Massimo and Lella Vignelli

New York, United States

For over 50 years, Italian-born husband-and-wife team Massimo and Lella Vignelli collaborated on a variety of now iconic design projects spanning the product, print, interior, exhibition, and industrial arenas.

Massimo Vignelli was born in Milan in 1931. He studied architecture at the Accademia di Belle Arti di Brera in Milan from 1948 to 1950, before going on to study at both the Politecnico in Milan (1950–53) and the University of Venice (1953–57). While still a student, he designed lighting for renowned Murano glassmaker Venini.

Lella Vignelli (née Valle) was born in Udine, Italy in 1934. She studied architecture at the Massachusetts Institute of Technology (MIT) in Cambridge from 1955 to 1958, and, before returning to Italy, worked as a junior designer for Skidmore, Owings & Merrill. In 1962, she graduated with a degree in architecture from the University of Venice.

Having married in 1957, the pair established the Lella and Massimo Vignelli Office of Design and Architecture in Milan in 1960, focusing on office accessories, home products, graphics, and furniture. The studio’s clients included Pirelli and Olivetti, among others. In 1965, the Vignellis moved to Chicago and founded, along with six other designers, Unimark International (1965–71), which specialized in corporate graphics. Clients included the likes of American Airlines, Knoll, Bloomingdales, Ford, and Saks Fifth Avenue. Notably, Massimo’s prolific print work championed the Helvetica typeface, encouraging its eventual widespread popularity in the US. In 1971, the couple established Vignelli Associates (known from 1978 on as Vignelli Designs) in New York. They continued to work together until Massimo’s passing in May of 2014.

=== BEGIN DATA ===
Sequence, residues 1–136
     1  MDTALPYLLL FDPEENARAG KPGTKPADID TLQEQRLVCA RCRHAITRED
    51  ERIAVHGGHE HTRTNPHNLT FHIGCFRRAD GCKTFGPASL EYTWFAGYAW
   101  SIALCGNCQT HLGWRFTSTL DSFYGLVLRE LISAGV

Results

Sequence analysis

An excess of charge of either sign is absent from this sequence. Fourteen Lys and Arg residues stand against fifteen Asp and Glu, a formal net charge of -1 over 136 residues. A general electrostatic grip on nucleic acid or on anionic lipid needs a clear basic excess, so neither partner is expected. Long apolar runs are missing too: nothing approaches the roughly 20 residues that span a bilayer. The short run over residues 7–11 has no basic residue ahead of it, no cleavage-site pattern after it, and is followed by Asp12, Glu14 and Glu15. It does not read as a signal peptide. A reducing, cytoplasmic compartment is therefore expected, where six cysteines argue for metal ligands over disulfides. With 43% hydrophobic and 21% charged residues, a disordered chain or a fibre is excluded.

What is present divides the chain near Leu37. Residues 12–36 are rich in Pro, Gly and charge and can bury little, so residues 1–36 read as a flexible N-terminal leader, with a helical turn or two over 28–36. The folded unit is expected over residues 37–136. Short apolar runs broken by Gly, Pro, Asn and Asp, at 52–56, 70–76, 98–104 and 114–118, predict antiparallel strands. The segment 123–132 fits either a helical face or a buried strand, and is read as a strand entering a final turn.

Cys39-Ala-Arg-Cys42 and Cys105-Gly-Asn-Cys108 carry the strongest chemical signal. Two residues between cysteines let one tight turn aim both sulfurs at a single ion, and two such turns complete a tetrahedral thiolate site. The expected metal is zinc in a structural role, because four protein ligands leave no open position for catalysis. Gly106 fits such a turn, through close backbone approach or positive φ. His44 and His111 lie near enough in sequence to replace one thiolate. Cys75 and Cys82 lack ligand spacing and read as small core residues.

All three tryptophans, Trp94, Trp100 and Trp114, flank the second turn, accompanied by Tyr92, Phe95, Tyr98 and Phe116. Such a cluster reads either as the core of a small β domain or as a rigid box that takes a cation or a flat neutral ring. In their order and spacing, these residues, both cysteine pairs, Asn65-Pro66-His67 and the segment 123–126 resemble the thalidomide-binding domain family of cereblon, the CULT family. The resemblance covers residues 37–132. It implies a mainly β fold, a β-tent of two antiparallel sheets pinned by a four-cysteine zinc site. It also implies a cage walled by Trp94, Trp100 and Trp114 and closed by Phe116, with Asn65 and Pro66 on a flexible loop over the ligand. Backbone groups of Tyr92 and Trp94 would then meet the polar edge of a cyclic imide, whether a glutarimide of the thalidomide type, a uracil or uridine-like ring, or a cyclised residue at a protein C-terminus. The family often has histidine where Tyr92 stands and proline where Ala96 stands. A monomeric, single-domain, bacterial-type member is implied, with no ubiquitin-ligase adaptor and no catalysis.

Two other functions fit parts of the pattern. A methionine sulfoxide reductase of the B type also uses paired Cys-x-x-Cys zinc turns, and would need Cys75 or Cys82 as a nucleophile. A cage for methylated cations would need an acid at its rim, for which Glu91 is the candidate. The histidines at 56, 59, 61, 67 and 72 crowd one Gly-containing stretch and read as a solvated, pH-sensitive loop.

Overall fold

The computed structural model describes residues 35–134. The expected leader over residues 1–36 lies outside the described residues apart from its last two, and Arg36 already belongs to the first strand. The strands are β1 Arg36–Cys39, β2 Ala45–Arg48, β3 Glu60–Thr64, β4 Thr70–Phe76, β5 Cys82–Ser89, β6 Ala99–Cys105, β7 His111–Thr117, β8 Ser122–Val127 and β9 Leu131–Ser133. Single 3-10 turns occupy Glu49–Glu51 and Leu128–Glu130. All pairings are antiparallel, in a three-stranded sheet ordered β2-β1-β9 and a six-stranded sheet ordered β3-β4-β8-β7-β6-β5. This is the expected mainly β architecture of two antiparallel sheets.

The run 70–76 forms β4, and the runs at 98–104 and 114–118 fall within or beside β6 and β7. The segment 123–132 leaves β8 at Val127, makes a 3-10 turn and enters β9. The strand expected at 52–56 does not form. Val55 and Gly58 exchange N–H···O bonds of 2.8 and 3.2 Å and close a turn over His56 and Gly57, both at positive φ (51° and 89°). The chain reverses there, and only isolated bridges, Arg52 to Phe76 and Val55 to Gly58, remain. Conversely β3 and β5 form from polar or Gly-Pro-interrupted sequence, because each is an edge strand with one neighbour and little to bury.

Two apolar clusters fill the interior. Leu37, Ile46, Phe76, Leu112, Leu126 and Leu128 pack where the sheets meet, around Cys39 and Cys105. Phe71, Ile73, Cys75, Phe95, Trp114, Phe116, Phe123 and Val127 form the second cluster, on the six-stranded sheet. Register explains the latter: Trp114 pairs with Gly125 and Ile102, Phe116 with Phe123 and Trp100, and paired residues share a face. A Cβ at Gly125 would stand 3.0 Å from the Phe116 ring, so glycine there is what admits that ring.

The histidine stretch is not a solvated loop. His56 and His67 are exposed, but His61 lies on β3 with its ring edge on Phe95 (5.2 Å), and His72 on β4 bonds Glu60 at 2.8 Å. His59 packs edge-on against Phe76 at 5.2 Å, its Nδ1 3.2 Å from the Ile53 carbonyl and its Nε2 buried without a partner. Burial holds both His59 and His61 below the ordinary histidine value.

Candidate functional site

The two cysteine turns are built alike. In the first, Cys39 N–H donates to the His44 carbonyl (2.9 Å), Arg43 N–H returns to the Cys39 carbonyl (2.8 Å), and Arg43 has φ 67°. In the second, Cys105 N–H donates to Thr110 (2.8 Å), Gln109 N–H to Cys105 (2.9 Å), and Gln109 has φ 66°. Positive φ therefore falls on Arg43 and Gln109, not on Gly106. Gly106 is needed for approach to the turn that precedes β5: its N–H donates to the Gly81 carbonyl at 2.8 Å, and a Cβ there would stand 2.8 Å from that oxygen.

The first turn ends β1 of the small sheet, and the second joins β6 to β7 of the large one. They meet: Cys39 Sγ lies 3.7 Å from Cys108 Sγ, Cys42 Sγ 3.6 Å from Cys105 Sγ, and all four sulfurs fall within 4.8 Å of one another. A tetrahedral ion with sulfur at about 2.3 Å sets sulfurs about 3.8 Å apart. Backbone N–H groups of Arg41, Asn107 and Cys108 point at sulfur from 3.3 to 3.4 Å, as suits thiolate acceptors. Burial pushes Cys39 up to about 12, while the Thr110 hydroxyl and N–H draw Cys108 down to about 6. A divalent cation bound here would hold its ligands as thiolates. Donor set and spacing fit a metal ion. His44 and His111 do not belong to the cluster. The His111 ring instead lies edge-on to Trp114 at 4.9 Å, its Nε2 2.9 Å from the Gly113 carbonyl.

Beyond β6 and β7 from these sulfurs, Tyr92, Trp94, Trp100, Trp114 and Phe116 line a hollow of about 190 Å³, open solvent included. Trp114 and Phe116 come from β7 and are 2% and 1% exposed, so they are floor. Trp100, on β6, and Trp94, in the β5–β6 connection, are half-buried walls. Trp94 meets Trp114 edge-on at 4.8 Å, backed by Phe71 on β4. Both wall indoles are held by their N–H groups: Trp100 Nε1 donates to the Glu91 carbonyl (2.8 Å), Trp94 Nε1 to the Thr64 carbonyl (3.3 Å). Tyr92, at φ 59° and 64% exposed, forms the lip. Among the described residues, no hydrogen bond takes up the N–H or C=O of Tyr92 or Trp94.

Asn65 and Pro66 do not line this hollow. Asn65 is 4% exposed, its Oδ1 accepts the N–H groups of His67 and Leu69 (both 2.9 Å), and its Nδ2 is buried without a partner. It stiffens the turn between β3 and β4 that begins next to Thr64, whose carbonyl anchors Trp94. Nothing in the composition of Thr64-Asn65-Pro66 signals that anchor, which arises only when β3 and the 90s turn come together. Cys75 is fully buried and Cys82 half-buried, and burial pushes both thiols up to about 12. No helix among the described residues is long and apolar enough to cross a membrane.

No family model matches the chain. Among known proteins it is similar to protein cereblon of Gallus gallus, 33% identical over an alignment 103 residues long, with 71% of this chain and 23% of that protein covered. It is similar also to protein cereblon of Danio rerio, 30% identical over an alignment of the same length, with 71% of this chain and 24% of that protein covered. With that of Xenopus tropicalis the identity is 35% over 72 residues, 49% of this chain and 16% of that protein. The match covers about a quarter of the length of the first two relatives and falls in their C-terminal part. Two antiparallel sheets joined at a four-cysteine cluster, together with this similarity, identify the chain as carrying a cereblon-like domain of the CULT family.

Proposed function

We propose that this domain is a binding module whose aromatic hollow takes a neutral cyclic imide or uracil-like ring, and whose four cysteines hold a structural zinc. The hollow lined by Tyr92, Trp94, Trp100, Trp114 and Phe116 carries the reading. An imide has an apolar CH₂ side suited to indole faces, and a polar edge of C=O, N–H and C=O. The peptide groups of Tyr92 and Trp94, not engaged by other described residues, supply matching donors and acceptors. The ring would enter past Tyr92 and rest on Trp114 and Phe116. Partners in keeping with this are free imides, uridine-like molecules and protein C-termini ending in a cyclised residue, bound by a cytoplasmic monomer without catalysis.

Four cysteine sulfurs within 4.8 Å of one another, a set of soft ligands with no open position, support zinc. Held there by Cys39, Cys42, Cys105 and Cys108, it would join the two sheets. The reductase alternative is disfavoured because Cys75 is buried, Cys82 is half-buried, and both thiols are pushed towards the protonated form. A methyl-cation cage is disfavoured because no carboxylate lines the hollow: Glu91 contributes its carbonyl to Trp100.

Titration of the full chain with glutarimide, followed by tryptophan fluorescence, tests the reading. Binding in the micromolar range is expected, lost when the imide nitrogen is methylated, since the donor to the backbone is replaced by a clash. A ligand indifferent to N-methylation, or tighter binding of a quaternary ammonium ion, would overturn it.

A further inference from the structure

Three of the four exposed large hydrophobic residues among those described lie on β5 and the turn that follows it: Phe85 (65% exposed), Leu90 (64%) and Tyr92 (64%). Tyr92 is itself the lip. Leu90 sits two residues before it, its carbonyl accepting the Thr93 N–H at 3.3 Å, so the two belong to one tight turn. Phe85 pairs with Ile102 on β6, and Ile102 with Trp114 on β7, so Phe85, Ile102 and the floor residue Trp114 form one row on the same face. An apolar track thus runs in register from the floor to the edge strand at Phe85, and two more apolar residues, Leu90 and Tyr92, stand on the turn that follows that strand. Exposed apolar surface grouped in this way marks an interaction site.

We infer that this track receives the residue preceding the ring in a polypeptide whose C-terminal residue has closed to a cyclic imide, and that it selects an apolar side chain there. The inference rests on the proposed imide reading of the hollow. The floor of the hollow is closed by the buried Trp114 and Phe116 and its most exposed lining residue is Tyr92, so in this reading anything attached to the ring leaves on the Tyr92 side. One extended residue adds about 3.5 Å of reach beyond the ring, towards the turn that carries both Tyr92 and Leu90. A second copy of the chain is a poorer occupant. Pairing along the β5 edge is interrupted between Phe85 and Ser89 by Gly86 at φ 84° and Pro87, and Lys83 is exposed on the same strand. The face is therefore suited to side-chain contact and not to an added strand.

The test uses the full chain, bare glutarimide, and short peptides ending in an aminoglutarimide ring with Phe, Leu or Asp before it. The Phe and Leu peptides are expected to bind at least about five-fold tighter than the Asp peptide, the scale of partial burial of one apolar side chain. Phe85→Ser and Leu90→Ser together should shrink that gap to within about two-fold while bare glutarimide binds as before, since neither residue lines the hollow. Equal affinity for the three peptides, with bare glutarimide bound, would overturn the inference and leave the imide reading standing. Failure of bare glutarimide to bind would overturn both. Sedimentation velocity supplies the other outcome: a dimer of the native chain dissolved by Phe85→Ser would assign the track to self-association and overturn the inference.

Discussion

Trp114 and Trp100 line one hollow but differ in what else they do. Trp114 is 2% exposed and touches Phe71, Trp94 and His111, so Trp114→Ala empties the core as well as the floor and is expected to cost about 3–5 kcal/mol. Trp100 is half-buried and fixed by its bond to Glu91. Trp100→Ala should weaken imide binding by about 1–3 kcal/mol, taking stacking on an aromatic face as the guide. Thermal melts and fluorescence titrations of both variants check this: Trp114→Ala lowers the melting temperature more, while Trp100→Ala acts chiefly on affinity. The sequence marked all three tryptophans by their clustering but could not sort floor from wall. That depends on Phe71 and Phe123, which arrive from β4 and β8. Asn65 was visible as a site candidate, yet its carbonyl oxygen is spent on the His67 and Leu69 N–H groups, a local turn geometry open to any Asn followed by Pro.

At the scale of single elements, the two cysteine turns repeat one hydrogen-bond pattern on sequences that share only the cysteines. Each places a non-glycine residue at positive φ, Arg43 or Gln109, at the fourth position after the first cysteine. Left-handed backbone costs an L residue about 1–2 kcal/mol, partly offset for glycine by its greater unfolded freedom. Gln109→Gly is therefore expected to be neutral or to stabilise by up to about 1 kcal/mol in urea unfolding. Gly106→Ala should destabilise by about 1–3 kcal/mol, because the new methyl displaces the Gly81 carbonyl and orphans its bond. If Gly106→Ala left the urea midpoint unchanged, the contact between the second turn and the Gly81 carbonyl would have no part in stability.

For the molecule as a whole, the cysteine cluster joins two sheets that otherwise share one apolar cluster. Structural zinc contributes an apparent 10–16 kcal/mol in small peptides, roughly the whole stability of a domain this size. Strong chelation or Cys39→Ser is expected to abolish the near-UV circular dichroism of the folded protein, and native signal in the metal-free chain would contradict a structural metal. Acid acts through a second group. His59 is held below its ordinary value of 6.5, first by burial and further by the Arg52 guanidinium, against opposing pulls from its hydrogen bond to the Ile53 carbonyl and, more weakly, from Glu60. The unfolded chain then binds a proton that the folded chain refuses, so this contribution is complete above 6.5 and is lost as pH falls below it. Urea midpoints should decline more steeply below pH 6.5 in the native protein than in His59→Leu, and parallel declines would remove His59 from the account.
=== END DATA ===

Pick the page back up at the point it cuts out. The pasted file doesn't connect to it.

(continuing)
The Vignellis can be credited with helping to bring contemporary Italian design to the US. Their shared aesthetic celebrates balance, elegance, and simplicity, and embraces the notion that a designer should be able to design anything and everything. Notable projects include, among others, the stackable Knoll Handkerchief Chair (1982–87); colorful, molded melamine Heller Stacking Dishes (1964); and the 1972 New York City subway map. In addition to their design work, both have taught, lectured, written, and served on a variety of juries and boards throughout their careers. Their work has been exhibited internationally in a variety of exhibitions, including, in 1980, a retrospective at New York’s Parsons School of Design. In 1982, the Vignellis were awarded the AIGA Gold Medal. In 2008, the couple donated their complete design archive to the Rochester Institute of Technology in upstate New York; the archive is now housed in a 2010-erected building of their own design, the Vignelli Center for Design Studies.